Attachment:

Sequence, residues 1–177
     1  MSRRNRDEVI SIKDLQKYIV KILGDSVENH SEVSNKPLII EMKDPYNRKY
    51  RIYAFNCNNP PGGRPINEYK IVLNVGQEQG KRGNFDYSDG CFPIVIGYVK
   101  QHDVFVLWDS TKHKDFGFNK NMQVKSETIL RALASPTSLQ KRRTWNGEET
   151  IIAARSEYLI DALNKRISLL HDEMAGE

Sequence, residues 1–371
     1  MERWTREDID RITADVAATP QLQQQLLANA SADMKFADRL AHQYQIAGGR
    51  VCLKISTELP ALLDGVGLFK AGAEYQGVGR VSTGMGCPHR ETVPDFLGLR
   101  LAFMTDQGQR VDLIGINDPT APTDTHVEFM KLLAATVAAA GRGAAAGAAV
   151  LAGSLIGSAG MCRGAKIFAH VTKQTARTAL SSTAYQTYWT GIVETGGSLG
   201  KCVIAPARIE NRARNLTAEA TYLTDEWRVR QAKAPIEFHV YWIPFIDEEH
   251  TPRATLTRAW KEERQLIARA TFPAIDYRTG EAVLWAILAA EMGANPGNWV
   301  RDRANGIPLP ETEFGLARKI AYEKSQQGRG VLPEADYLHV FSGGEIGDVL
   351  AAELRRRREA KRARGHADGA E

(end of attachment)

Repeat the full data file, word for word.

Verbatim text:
Sequence, residues 1–177
     1  MSRRNRDEVI SIKDLQKYIV KILGDSVENH SEVSNKPLII EMKDPYNRKY
    51  RIYAFNCNNP PGGRPINEYK IVLNVGQEQG KRGNFDYSDG CFPIVIGYVK
   101  QHDVFVLWDS TKHKDFGFNK NMQVKSETIL RALASPTSLQ KRRTWNGEET
   151  IIAARSEYLI DALNKRISLL HDEMAGE

Sequence, residues 1–371
     1  MERWTREDID RITADVAATP QLQQQLLANA SADMKFADRL AHQYQIAGGR
    51  VCLKISTELP ALLDGVGLFK AGAEYQGVGR VSTGMGCPHR ETVPDFLGLR
   101  LAFMTDQGQR VDLIGINDPT APTDTHVEFM KLLAATVAAA GRGAAAGAAV
   151  LAGSLIGSAG MCRGAKIFAH VTKQTARTAL SSTAYQTYWT GIVETGGSLG
   201  KCVIAPARIE NRARNLTAEA TYLTDEWRVR QAKAPIEFHV YWIPFIDEEH
   251  TPRATLTRAW KEERQLIARA TFPAIDYRTG EAVLWAILAA EMGANPGNWV
   301  RDRANGIPLP ETEFGLARKI AYEKSQQGRG VLPEADYLHV FSGGEIGDVL
   351  AAELRRRREA KRARGHADGA E